Two more nonfatal incidents involving helicopters — an Air Force Osprey and a Marine CH-53 Super Stallion — occurred on March 19 and March 23. On April 3, another CH-53 with four Marines on board crashed 15 miles west of El Centro, California, just over the Mexican border, while conducting squadron training. All four service members, aged 24 to 33, were killed.

On the same day, a Marine pilot taking off from Ambouli International Airport in Djibouti ejected from an AV-8B Harrier, the Navy said in a statement. The jet crashed and the pilot was injured. Two hours later, another Marine CH-53 suffered structural damage while landing on a beach west of the airport — forcing U.S. Naval Forces to cancel the remainder of a training event. (This rough landing was not considered a class A mishap.)

On April 4, a pilot with the Thunderbirds — the Air Force squadron that performs aerobatic formations during military ceremonies — died after crashing his F-16 during a routine training flight in Nevada.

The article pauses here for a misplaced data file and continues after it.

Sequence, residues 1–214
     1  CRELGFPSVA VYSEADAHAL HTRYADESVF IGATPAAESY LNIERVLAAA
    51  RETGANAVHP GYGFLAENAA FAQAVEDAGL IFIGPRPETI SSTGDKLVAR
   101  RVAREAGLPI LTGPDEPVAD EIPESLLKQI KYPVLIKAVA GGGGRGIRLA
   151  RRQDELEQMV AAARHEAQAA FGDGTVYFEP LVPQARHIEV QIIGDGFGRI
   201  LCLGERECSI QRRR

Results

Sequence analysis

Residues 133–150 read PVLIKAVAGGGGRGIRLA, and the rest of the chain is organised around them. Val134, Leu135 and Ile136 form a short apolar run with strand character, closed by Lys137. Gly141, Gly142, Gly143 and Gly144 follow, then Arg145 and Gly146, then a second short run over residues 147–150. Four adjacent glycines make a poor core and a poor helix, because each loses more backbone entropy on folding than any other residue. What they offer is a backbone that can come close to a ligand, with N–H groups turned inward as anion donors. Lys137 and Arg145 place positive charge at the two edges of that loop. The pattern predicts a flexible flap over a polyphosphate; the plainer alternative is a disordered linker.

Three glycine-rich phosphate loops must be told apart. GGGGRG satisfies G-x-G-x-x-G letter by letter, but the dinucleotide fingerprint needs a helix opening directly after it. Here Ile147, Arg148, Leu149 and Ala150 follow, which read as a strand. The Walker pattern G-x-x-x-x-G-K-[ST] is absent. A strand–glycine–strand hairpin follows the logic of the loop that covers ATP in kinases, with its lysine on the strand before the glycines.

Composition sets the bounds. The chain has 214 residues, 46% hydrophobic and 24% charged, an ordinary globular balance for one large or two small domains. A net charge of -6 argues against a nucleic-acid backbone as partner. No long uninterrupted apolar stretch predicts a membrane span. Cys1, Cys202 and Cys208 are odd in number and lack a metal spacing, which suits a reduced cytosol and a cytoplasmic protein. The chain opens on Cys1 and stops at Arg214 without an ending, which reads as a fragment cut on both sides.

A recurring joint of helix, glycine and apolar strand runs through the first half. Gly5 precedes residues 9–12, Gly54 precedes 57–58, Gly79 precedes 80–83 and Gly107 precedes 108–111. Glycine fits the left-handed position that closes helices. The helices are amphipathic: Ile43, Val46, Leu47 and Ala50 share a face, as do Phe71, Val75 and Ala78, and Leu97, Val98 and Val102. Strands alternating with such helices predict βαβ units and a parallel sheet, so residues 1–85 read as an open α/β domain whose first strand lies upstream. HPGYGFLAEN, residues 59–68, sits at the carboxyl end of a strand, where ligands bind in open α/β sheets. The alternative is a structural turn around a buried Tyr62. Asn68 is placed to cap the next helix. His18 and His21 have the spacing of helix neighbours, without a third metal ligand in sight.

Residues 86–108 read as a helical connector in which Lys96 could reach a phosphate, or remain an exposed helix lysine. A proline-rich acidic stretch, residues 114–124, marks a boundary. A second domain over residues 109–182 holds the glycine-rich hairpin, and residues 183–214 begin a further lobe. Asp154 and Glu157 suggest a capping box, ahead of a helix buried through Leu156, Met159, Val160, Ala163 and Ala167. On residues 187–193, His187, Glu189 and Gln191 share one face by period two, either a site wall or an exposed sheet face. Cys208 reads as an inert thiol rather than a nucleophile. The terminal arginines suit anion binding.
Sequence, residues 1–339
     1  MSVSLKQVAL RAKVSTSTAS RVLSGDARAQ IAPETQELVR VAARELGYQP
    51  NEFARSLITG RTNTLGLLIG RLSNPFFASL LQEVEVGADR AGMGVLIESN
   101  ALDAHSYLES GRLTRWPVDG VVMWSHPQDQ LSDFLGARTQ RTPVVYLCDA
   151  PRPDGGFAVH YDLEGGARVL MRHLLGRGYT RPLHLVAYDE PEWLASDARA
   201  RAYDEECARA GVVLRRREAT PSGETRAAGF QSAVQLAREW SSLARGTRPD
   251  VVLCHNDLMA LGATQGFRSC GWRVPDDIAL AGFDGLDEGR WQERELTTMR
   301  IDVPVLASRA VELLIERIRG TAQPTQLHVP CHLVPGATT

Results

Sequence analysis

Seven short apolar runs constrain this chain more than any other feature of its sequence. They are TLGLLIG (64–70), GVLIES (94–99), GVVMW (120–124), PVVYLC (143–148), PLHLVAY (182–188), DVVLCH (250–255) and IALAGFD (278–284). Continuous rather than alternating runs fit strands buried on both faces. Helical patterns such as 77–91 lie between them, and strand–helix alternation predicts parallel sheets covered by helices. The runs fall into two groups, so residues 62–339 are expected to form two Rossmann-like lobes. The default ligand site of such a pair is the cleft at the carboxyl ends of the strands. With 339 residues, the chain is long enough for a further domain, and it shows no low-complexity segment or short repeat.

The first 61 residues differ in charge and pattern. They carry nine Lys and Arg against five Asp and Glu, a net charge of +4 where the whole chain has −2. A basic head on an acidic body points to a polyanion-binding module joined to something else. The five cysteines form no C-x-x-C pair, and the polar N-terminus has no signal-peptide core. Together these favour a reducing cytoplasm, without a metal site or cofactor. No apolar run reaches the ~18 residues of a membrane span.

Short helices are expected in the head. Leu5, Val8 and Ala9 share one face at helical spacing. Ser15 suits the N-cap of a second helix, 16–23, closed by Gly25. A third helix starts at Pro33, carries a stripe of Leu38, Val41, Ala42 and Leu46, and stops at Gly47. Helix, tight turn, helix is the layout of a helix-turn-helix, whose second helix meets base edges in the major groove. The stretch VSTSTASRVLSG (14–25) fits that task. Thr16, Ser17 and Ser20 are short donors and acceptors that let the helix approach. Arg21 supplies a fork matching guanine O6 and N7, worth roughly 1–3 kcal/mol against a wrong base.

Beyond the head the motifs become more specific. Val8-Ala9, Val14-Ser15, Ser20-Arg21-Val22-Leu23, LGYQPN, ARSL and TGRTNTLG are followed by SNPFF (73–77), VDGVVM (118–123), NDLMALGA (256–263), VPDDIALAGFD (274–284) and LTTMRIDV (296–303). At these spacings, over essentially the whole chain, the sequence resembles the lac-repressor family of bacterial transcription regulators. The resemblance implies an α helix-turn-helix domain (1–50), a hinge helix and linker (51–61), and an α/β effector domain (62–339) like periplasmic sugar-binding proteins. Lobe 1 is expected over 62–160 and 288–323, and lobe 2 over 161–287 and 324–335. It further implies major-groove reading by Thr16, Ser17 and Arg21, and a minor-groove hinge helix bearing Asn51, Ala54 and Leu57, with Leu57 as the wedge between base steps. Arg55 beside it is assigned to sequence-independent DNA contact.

Two days later, two soldiers on routine training at Fort Campbell, Kentucky, died when their Apache helicopter crashed.

Angelley said a number of factors could be to blame, including problems with training, maintenance issues and having “fewer resources and more deployments.”

“They’re making more out of less resources. When you do that, you can run into problems like this,” he said.

Rick Nelson, a former Navy official who directed the homeland security and counterterrorism program at the Center for Strategic and International Studies, a bipartisan think tank based in Washington, described this problem as a “big cyclical loop” in which maintaining or replacing helicopters and jets has lost out amid long, costly wars in Iraq and Afghanistan. Funding for those aircraft hasn’t kept pace with the country’s operational commitments, he said.

“You’re spending your money on wars instead of parts and supplies,” he said.

Get our planes and pilots back in the air

According to fact sheets prepared by the House Armed Services Committee this year, less than half of the Navy’s aircraft were unable to fly due to maintenance issues and problems with spare parts, while 80 percent of the Marine Corps’ aviation fleet lacked jets and helicopters that were ready to use. The average Air Force plane is nearly three decades old, the committee said, and the Navy and Marines had only 50 percent of the aircraft needed for training and operations.